In our research with what we have done for ourselves and our clients, there is a definite co-relation between content greater than 1000 words and better rankings. In fact, we are finding amazing ranking jumps when you have content over 3,000 words, about 12 original images (images not found anywhere else online), 1 H1 (not keyword stuffed), 12 sub-headlines (H2), 12 relevant internal links, 6 relevant external links and 1 bullet list. I know it sounds like a lot of work and a Big Mac recipe, but this does work.
Although this is a step-by-step series, everyone's methods will (and should) vary, so it really depends on how much time you think it will take (if you're billing hourly). What tools do you have at your disposal vs. how much researching for information will you have to do on your own? Will you have to pay for research reports or companies? Do you pay a monthly service for data or research?
Another example when the “nofollow" attribute can come handy are widget links. If you are using a third party's widget to enrich the experience of your site and engage users, check if it contains any links that you did not intend to place on your site along with the widget. Some widgets may add links to your site which are not your editorial choice and contain anchor text that you as a webmaster may not control. If removing such unwanted links from the widget is not possible, you can always disable them with “nofollow" attribute. If you create a widget for functionality or content that you provide, make sure to include the nofollow on links in the default code snippet.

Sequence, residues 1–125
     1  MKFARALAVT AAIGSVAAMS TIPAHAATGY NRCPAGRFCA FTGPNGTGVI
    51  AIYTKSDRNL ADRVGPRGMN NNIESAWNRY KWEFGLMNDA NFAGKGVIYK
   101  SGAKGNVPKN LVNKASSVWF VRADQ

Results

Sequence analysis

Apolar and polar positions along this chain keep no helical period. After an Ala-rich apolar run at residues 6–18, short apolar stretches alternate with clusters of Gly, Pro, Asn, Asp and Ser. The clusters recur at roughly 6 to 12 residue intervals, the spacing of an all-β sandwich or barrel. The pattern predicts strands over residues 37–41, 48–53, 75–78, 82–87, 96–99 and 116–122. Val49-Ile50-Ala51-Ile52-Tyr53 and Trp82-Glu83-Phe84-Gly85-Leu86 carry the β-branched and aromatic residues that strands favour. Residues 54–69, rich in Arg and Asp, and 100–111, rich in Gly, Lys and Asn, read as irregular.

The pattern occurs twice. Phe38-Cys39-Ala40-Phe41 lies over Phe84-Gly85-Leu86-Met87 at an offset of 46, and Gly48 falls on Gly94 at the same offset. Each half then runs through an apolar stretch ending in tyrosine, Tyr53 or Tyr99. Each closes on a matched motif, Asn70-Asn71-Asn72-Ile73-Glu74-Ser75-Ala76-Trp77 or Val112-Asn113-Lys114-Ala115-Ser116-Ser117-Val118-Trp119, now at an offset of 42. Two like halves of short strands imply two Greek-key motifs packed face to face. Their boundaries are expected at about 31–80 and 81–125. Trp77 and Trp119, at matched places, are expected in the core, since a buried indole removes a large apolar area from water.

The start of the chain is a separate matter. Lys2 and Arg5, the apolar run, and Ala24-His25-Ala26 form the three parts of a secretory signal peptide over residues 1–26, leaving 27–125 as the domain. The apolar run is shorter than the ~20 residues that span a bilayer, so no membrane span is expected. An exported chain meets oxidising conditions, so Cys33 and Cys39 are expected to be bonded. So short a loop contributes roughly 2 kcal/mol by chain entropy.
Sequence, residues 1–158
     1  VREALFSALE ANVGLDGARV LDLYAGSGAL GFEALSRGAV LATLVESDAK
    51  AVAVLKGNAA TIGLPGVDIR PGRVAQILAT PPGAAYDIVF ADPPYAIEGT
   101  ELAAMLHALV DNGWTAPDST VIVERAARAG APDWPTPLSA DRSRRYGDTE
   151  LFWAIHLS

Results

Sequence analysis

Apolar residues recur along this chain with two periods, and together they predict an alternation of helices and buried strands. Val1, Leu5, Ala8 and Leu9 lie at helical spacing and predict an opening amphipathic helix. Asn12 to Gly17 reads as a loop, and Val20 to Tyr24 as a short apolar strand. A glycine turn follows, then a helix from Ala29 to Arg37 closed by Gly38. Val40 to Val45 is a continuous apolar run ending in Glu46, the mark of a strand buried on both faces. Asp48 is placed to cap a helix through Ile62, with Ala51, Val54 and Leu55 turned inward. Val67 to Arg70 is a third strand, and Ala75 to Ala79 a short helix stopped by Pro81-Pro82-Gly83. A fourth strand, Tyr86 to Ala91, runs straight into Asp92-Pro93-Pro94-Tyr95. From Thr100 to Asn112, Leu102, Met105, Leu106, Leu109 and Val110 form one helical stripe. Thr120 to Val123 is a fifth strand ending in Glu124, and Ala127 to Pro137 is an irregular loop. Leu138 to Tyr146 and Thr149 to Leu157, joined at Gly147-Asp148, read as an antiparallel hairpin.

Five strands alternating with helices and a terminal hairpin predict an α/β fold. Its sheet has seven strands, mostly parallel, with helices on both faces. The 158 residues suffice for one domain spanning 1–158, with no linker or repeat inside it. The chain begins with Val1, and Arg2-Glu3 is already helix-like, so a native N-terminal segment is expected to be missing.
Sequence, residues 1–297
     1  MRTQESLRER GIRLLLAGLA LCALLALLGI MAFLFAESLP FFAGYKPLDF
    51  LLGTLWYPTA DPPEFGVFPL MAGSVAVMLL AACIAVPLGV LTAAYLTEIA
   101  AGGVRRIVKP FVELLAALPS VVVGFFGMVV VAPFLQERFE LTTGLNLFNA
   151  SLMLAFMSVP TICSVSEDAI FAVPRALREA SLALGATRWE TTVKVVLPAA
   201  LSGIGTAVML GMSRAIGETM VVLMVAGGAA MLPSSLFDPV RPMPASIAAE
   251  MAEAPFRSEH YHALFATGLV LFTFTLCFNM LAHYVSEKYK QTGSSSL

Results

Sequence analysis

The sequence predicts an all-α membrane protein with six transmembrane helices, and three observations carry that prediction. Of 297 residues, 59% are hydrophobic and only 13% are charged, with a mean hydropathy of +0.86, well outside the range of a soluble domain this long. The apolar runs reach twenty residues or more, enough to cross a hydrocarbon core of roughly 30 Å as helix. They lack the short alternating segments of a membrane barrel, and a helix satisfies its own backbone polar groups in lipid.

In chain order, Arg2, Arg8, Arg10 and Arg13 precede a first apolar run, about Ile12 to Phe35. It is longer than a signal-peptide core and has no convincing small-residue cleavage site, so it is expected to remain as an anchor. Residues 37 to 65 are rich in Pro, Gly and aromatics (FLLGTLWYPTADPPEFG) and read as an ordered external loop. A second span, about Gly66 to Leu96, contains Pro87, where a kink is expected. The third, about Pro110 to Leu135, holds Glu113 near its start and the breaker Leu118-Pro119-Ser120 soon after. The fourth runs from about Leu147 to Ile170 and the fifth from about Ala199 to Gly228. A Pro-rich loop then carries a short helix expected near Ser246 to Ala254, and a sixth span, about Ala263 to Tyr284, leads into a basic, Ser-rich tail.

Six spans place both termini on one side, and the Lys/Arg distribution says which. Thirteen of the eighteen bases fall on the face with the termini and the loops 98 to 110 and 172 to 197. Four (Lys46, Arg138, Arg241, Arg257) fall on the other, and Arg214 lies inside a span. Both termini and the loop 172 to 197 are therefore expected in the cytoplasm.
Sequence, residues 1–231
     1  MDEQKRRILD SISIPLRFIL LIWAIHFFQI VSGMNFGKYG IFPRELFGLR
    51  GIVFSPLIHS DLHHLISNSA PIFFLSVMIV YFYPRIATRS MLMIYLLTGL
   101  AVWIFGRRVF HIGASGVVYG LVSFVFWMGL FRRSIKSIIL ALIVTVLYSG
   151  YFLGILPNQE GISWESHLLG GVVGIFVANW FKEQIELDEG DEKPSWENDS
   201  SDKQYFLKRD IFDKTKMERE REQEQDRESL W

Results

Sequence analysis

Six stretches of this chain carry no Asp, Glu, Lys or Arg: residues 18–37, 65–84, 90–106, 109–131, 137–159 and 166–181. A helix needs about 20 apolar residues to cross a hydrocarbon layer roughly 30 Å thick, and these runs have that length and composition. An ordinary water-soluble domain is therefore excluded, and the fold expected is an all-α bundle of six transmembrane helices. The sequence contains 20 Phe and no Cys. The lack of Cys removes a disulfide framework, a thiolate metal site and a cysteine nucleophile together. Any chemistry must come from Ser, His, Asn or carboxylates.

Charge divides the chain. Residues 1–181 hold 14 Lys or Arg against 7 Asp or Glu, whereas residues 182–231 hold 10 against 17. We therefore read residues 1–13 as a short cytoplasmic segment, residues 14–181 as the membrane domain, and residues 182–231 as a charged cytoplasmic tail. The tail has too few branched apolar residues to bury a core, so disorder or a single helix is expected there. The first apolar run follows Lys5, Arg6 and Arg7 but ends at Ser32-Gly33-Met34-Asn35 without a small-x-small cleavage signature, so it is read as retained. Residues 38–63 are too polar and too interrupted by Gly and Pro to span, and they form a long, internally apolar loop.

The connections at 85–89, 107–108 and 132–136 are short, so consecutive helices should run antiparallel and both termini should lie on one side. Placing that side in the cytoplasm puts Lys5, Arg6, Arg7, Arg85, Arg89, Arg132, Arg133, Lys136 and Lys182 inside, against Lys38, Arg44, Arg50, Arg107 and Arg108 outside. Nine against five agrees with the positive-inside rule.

SEO may generate an adequate return on investment. However, search engines are not paid for organic search traffic, their algorithms change, and there are no guarantees of continued referrals. Due to this lack of guarantees and certainty, a business that relies heavily on search engine traffic can suffer major losses if the search engines stop sending visitors. Search engines can change their algorithms, impacting a website's placement, possibly resulting in a serious loss of traffic. According to Google's CEO, Eric Schmidt, in 2010, Google made over 500 algorithm changes – almost 1.5 per day. It is considered a wise business practice for website operators to liberate themselves from dependence on search engine traffic. In addition to accessibility in terms of web crawlers (addressed above), user web accessibility has become increasingly important for SEO.
Hi there, am interested to try your trick in Wikipedia, but am also not sure of how should I do tht, coz i read some posts saying tht “Please note that Wikipedia hates spams, so don’t spam them; if you do, they can block your IP and/or website URL, check their blocking policy and if they blacklist you, you can be sure that Google may know about it.”